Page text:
The MEIOU & Taxes modding team is planning to completely overhaul EU4's economy, by the way. It'll basically be V2 in miniature. Food will be transported between regions to feed the largest cities, production will be split between rural and urban areas, raw and refined materials will be differentiated...
The TL;DR version of planned changes (the full version is in the forums and r/ParadoxPlaza):
>M&T will be changing in a fundamental way. The new system will track the inevitable march of urbanization. Great Cities will be tremendously powerful. They will rise and fall, centers of trade will shift, and many other new changes are coming!
>Base tax, production, and manpower will be changed to Rural Population, Urban Population, and Upper Class Population. Literal population numbers will now be represented in game. How urbanized your country is will be the new determinant of "development level."
>Each province has an Ideal Level of Population. It can be improved or degraded. but very slowly. The lower you are below the ideal level, the faster the population grows. The higher you are above the ideal level, the slower population grows. Because of this, provinces decimated by war, plague, or famine can recover much more quickly than before.
>Cities in a given area rise to prominence and attract people from the entire geographic area to be part of the city. However, these "Prominent Cities of the Area" can lose their special status if other cities eclipse them in power and importance. Centers of trade, as well, can be usurped by other provinces who have acquired the greatest trade power in the trade node.
(part 1 of 2)
(part 2 of 2)
>Just as there are prominent cities in a geographic "area," there are also prominent cities for each geographic REGION. Having a "Prominent City of the Region" is a coveted status which gives not only an important bonus to the province, but also to the whole country. In some regions of the world, who holds this status can be in tight contention.
>In each sub-continent and continent, there is also a Prominent City of the Sub-Continent and Prominent City of the Continent.
>There are many ways to attract urban population to a specific area, aside from what we've mentioned. For instance, a capital will increase the Ideal Urban Population Level of a province relative to the total size of the country. Also, urban populations can be destroyed much more quickly than rural populations, but they can also recover much more quickly as well so long as the Ideal Urban Population Level doesn't change.
The developers say that they should have it done by summer.
Sounds great, will it be on the workshop or will I have to go find it?
MEIOU & Taxes is available both on Steam and on the official Paradox forums. Personally, I'd advise downloading it from the forums--you never know when a save-breaking hotfix will be uploaded.
4inf 4 art 1eng 1dra is arguably better. Also don't forget to add armor and planes as they become available
No, it's that grain which is needed to produce liquor is very plentiful and cheap, and combined with the fact that liquor sells for a pretty nice price makes a lot of strategies depend on liquor based industries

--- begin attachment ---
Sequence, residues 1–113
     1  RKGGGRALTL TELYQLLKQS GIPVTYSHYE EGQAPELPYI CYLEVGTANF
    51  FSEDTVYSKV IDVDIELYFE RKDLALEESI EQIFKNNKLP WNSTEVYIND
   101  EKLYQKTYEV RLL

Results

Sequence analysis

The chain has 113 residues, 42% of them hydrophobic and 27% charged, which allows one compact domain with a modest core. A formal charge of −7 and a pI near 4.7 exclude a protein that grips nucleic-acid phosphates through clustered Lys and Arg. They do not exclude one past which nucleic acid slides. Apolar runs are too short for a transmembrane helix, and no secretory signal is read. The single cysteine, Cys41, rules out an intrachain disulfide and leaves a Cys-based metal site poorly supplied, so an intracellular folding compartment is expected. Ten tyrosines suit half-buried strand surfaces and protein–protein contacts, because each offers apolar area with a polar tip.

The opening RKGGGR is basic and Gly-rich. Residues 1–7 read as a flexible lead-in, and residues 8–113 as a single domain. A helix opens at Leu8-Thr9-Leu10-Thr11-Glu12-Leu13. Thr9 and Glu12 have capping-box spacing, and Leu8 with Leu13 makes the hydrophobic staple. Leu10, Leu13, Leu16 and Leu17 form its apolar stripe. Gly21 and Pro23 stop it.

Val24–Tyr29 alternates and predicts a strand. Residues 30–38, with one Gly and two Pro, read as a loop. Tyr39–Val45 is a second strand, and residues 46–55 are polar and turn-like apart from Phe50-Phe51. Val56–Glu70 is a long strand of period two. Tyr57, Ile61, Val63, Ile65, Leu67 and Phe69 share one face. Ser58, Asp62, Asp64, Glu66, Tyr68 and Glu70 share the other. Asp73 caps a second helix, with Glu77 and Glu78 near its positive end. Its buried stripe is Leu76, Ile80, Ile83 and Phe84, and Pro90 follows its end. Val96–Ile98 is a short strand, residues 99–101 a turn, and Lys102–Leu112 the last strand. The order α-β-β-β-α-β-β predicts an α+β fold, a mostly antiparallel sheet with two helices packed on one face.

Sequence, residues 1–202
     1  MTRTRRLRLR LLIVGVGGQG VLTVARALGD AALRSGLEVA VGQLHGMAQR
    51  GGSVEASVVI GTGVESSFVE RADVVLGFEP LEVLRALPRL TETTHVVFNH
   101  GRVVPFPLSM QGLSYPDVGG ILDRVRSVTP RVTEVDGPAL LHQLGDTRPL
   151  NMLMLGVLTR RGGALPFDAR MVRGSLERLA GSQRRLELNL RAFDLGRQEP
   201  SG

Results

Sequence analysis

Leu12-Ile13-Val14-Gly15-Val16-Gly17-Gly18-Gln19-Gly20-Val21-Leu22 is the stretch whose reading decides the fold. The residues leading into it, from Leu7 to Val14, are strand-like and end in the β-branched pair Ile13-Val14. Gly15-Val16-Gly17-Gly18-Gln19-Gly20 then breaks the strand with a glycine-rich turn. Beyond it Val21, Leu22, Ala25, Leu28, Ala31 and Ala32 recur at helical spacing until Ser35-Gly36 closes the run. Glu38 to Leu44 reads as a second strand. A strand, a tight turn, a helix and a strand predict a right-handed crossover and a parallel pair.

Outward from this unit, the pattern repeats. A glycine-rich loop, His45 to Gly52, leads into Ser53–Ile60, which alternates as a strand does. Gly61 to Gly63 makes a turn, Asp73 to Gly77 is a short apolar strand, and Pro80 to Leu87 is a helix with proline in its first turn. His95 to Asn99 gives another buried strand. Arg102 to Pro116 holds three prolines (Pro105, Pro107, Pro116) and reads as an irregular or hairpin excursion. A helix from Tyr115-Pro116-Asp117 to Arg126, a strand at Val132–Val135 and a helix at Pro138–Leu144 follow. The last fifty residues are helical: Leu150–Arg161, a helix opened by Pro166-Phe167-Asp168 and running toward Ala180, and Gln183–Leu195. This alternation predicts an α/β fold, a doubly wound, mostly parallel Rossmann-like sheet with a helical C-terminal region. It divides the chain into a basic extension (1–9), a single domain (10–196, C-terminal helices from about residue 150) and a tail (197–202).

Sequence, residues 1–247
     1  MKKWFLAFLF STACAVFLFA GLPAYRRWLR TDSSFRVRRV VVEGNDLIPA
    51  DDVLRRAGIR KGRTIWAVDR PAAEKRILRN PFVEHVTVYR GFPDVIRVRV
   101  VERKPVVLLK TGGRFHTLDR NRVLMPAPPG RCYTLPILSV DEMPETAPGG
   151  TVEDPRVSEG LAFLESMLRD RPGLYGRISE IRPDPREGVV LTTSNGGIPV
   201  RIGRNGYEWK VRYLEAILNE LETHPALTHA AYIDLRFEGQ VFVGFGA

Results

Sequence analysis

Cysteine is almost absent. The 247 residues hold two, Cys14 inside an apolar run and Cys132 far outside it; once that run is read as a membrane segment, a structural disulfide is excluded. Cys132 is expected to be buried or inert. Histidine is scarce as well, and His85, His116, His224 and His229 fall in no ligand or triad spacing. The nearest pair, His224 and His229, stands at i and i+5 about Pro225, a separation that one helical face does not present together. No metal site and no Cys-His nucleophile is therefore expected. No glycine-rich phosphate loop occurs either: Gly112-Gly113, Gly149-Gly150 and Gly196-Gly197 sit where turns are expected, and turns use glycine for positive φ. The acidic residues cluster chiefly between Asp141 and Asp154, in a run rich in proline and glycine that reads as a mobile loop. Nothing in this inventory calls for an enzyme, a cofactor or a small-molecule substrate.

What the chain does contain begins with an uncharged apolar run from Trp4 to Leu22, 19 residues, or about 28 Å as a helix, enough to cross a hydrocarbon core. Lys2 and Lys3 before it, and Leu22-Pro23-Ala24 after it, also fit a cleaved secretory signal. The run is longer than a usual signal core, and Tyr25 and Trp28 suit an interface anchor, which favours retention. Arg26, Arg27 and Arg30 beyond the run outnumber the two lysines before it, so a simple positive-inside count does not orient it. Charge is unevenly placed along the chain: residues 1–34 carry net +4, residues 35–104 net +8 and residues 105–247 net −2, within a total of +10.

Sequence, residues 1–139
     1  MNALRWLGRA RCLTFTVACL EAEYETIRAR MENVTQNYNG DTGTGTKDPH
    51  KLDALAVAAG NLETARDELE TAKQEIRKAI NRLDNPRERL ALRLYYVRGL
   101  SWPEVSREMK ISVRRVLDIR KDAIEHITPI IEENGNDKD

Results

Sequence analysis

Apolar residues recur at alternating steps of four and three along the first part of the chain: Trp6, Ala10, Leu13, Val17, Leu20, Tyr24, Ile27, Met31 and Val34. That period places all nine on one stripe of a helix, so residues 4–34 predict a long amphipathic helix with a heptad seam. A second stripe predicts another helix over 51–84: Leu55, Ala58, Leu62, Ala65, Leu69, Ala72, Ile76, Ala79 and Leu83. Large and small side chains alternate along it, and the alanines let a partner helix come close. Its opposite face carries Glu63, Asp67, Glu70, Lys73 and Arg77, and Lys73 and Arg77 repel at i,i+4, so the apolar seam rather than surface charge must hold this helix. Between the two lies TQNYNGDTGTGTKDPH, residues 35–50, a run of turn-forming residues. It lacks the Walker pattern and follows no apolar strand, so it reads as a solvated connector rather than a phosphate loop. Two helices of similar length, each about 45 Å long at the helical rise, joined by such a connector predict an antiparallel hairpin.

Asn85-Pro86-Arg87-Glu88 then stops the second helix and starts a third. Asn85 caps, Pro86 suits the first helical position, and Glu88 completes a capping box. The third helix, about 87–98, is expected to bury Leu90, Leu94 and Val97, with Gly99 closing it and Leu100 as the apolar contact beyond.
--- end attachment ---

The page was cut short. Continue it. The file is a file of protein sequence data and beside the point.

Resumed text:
I really like the idea of EU Rome, and I've spent quite a few hours on it, but I feel like it's such a half-assed effort. The game just feels extremely shallow and pointless. The map is too small (should have more provinces and/or cover a wider area), the combat is primitive, and it's just depressing to see how static the world feels? Especially the colonies, they just feel pointless aside from map-painting.
Thankfully now you do :) Try Reign of the Ancients mod, I haven't gotten it to work yet but it looks awesome.
Right? A proper one that doesn't really allow you to blob, maybe set during Diadochi times or--get this--in Italy in the 500's or 400's BC, with babby Rome trying to dominate just Latium, let alone Italy.
Did you only play it for an hour or so? The more I play it the more I can get into it. Combat is better than EU or CK combat, with more unit types, a better morale system, and basically nonexistent reinforcement in enemy territory meaning that you can't just doomstack your way to the enemy capital.
Colonies are the opposite of pointless once you see how they work. Pontus and Carthage are great nations for colonization, and show how you can double your incoming by doubling the amount of provinces you own, rather quickly. The game's actually very dynamic, within thirty or fifty years the whole geopolitical situation can change and necessitate change of alliances and shit.
As compared to EU3 where, for example, as Scandinavia I held a PU with France from 1700 to endgame, and an alliance with England/Great Britain from about 1700 to endgame...so England and France never fought. Talk about static.
>just because wool gets so necessary to prevent fascist revolts
I havn't played v2 since heart of darkness came out. Is this really a serious problem? I could never get the facists to turn out in significant numbers compared to other rebels. The only thing that made them gain strength was revanchism, which requires you to play badly on purpose...
I can't remember when it was, because I played for so long and then haven't touched the game in like 2-3 years now.
But yeah, I would get fascists and especially communist rebels because of the unmet Needs bumping my revolt risk just enough to be dangerous, even though everything else in my country was fine.